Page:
Set in the heart of Bath in Wiltshire, the five-star Gainsborough Bath Spa is the only hotel in the UK with access to naturally-heated thermal mineral-rich waters within its Spa Village.
The property is well documented for its enviable privilege, but it’s fast becoming well-known for its gastronomy. The Dan Moon restaurant, which has been named after the chef, has been awarded three AA Rosettes, claiming its place as one of the finest places to dine in England. Luxurious Magazine’s Senior Reporter, Sabi Phagura, went along to sample the delights.
Since Dan Moon joined The Gainsborough Bath Spa, he’s been causing quite a stir. Born in London, but trained in Devon, Dan has been making a name for himself in the culinary world ever since he started working in kitchens aged 14. From washing dishes at a local restaurant in Exmouth, he soon developed a passion for cooking. He rapidly climbed up the ladder to become Head Chef of Hunsrete House near Bath 17 years ago. His unstoppable energy and drive earned him numerous accolades including three AA Rosettes and a Bath Life Award.
Today, Dan has helped turn the restaurant at The Gainsborough Bath Spa into one of the most popular dining places in the city. His cuisine can be described as classic flavours with a modern British and European twist and he has no qualms in pushing boundaries.
He elevates the dishes and turns them into good punchy flavours, and being a supporter of local farmers, he incorporates as much local produce where possible. Dan loves pioneering techniques and often uses blossoms and edible flowers in his food. Wanting to sample a ‘bit of everything’, my guest Susie and I decided upon the seven-course tasting menu (costing £80 per person), a popular option with the majority of the diners.
Before kicking off, we were duly brought warm bread rolls with not one, but three flavoured kinds of butter – salted, olive and salmon infused. What a way to start! The showcase then began with chicken tea with textures of garlic, and smoked chicken breast. Hands down, we both said it was one of the best amuse-bouches we’d ever had. This was followed by the tomato soup with black olives, goat’s curd and basil. I’m not a big fan of goat’s curd, but the starter was delicious. The next course of cured fillet of beef with fennel, dill butter and anise blossom went down well with Susie, but I decided to swap this course for a vegetarian option of red quinoa and apple with edible flowers. It was definitely the right choice, as I devoured it as soon as the elegant dish was put in front of me.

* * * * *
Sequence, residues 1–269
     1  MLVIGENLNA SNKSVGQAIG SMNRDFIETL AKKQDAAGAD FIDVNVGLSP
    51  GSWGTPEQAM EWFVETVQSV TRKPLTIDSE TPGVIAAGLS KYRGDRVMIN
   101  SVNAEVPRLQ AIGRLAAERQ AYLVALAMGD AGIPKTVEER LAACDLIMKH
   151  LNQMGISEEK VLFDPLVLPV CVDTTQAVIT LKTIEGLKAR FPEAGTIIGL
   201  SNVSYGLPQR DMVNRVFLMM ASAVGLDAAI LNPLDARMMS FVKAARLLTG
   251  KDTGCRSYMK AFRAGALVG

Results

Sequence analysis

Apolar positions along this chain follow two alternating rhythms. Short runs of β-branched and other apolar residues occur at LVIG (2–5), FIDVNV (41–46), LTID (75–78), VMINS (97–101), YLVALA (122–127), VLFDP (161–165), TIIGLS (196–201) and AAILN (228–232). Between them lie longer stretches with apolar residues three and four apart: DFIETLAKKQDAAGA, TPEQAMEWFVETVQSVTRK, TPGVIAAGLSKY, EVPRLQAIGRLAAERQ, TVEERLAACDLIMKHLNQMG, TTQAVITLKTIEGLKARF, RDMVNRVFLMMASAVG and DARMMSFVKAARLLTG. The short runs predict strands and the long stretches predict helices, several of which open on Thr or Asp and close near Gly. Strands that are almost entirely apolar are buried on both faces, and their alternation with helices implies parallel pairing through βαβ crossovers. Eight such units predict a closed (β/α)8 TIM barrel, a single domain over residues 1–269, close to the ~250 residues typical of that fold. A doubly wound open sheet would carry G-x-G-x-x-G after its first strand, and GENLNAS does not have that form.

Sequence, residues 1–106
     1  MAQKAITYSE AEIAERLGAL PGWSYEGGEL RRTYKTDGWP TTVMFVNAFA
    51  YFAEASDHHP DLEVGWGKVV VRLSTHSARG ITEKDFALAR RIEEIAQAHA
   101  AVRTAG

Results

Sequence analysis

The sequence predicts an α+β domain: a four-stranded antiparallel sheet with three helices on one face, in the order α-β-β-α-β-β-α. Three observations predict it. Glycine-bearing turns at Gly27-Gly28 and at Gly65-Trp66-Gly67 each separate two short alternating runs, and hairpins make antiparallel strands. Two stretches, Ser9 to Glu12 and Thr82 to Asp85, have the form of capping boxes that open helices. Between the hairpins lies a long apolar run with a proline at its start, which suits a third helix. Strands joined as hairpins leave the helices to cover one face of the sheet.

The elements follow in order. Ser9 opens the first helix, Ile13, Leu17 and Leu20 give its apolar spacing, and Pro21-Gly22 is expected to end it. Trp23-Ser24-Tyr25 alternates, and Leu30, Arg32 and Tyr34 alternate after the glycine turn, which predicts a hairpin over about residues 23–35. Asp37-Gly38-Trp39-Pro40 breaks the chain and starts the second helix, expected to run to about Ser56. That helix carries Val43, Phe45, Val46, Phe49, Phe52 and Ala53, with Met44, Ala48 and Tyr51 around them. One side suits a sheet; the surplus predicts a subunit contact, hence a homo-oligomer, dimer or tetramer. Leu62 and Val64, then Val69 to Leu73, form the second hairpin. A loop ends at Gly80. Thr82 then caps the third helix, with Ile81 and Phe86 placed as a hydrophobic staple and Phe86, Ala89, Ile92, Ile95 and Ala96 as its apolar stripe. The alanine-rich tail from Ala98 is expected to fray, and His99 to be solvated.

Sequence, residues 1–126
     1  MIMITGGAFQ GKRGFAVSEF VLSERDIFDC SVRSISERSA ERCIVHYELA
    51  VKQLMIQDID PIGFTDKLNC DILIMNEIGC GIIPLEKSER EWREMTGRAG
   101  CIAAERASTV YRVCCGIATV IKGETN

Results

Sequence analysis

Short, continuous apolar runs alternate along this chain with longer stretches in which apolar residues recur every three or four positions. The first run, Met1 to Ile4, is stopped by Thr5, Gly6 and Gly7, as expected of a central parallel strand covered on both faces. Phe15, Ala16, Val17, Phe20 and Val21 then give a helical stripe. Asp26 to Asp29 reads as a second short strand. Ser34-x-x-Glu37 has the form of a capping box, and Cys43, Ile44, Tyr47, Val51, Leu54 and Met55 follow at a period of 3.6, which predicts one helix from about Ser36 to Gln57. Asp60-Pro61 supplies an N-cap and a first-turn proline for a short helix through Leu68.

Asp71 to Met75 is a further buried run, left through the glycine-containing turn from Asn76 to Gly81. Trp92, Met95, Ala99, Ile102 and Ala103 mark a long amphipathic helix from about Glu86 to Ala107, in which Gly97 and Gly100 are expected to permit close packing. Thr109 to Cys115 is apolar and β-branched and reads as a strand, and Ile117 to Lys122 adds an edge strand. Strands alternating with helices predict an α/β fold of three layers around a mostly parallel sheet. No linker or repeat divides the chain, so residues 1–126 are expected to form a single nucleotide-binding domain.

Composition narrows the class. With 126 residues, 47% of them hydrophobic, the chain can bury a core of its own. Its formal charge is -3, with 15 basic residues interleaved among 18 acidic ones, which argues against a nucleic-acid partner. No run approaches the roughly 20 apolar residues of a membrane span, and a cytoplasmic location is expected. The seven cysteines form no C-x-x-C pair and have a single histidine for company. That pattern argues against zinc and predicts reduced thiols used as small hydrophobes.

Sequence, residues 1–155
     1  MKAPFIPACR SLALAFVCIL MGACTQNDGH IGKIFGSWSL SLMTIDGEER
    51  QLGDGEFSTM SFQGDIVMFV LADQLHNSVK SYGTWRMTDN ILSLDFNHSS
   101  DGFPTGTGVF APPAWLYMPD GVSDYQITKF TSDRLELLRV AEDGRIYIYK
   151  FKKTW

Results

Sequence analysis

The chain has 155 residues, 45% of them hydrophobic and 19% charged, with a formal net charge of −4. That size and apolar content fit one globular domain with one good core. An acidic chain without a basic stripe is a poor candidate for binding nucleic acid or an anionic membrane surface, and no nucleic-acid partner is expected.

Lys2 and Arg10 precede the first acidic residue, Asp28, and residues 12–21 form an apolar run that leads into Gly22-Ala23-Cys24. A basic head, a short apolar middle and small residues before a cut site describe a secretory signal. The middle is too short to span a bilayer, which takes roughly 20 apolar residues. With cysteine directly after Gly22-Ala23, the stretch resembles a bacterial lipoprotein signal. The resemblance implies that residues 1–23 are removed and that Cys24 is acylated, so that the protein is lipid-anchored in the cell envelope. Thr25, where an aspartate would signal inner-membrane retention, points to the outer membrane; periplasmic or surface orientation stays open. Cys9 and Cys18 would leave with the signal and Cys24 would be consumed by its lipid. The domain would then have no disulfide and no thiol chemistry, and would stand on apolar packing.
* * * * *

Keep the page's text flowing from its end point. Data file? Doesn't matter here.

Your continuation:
The menu continued to get better as the sautéed scallops and roast Creedy Carver duck arrived next. These were both winners in my book, especially the bed of crab risotto on which the scallop came, and the confit spring roll which accompanied the duck. And the presentation of the dishes was next to none – almost too good to eat.
Of the two sweet dishes that rounded off the meal, the lemon cheesecake was the one that won in my opinion. The homemade lemon butter had the right amount of tang to complement the refreshing nutmeg sorbet. Chocolate lover Susie was only too happy to tuck into the dark chocolate tart with raspberries, pistachio and vanilla. The plates were polished clean pronto.
The tasting menu can be enjoyed with the optional wine flight for an extra £50, but we decided to have an after-dinner drink in the intimate Gainsborough Bar. Gin-lovers can enjoy a range of speciality gin and tonics from the artisan menu of over 50 gins.
Bartender Josh was quick to point out that there they also had a non-alcoholic gin for us to enjoy, and was just as happy to whip up a mocktail for us. Neither one of us felt like we missed out on the real deal such was the flavours in the non-alcoholic Seedlip drink which mimics gin.